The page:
At some point in the last six years I’ve tried each of this systems. I’ve had successes and failures, but in every case I’ve lacked consistency in sales conversion percentages regardless of which tactic I used. I was unable to settle on a predictable and successful pricing system that I could fully believe in.
I wanted a system that was flexible from project type to project type and yet still calculated the situation by allowing me to make an educated decision on picking that magic number the client wanted to see. That’s what led me to defining the model I call “Golden Mean Pricing.”
Using Golden Mean Pricing to Price Creative Projects
Over the last year I’ve taken some time to analyze what I like about each method and try to find a system of my own to try and achieve the consistency I need as a business owner to predict closing sales and revenue forecasts. I’ve even talked personally to each of the pricing method preachers mentioned earlier in this post.
Once stepped back and looked at the bigger picture, I developed a system that I’ve dubbed Golden Mean Pricing. The Golden Mean is a philosophical term by one of my favorite philosophers (from the one philosophy class I took in college) Aristotle. The Golden Mean is “the desirable middle between two extremes, one of excess and the other of deficiency.” In this theory I’ve identified the two extremes as Hourly Pricing and Value Based Pricing. Collaborative Pricing is the closest model I’ve found to what I believe works. Unfortunately, the circumstances I’ve found Collaborative Pricing to be successful with are limited in opportunity. For most common creative project proposals this tactic is a bit of overkill and takes longer to execute. Golden Mean Pricing balances the three strategies into one formula.
How Does Golden Mean Pricing Work?
The key to Golden Mean Pricing is identifying the point between the Hourly Priced floor and the Value Based ceiling that you as the business developer believe the client will also find comfortable while protecting your revenue return. I strongly believe that a client wants to simply be shown one cost and how that will accomplish their objectives. All we’re trying to do is get it right for both sides on the first try. Make sure that when you decide on a price, it’s within the client’s comfort zone, since they’ll likely compare it to other quotes.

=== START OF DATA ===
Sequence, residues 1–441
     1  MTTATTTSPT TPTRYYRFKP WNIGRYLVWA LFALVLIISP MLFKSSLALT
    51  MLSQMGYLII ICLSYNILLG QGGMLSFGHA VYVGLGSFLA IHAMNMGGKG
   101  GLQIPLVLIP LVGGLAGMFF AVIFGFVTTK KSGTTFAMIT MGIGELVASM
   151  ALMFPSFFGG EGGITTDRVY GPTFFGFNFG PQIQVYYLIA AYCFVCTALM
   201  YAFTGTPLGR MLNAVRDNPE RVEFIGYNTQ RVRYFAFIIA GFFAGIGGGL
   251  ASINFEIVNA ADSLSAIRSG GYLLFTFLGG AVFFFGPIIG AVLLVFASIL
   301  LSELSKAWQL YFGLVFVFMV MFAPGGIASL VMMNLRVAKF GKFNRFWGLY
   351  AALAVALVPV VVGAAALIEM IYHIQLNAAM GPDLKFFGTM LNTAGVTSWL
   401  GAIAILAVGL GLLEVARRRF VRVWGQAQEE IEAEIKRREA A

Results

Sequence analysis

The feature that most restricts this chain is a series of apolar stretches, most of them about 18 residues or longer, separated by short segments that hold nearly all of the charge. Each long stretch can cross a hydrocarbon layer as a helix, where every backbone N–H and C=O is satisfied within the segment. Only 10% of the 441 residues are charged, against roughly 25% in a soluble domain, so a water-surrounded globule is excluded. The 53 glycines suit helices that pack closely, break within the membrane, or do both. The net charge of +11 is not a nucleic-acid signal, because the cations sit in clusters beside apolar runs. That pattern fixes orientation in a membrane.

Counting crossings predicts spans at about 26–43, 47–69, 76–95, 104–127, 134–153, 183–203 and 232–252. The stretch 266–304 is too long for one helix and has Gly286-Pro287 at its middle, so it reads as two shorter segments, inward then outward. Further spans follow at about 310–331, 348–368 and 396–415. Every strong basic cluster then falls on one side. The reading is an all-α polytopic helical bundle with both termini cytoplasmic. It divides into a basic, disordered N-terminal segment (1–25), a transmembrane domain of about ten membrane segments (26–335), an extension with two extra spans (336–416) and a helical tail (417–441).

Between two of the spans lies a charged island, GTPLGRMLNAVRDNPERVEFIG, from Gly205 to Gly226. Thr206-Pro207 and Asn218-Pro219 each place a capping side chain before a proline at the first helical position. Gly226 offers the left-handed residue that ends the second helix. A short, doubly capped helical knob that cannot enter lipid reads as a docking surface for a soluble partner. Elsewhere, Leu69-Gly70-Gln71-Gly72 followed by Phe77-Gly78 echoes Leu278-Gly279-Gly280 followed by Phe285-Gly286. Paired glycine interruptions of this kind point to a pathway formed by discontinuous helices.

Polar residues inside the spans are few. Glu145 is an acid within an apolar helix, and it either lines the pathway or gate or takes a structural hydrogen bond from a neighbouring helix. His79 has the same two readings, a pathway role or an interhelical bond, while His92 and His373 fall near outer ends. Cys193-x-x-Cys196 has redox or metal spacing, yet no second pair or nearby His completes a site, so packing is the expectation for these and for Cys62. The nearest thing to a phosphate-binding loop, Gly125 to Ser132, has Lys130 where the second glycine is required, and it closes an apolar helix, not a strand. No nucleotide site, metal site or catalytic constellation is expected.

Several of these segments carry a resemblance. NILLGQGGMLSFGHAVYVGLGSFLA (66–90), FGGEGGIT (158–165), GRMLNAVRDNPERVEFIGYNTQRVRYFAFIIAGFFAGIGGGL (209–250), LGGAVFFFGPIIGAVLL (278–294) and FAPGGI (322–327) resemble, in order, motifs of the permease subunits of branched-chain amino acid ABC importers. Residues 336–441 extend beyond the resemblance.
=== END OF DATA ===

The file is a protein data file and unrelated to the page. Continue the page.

Learn how to calculate each part of the Golden Mean Pricing strategy in the “How Golden Mean Pricing Works” section of the eBook..
Using each part of the Golden Mean Pricing formula will allow you to use your judgement to pick the optimal project price. If the client on a limited budget, but the natural Golden Mean is too far beyond their max budget, you may choose to slide the mean closer to the Hourly Priced floor. If you know the client can afford extra design time, other collaborators from your network being brought in, or add-on services, you may slide the mean towards the Value Based ceiling.
The result of this three-part exercise will be a flat-rate creative project quote that you are confident fulfills your hourly estimation, but tempers the client’s lofty dreams which they wouldn’t be able to afford had they known the costs.
This sweet spot is the Golden Mean Price and will allow you to confidently explain the costs for the quality work your client is seeking, while allowing them the comfort of seeing a flat rate to plan for financially.
If you, your clientele, niche, or market don’t quite fit in with the other traditional pricing models because of size or budget, then Golden Mean Pricing may be able to help you price projects and more regularly close sales.
Have you had success experimenting with different pricing models? I encourage you to read the “Golden Mean Pricing” eBook and try it out! Feel free to hit me up @timbouchard to discuss how it worked for you!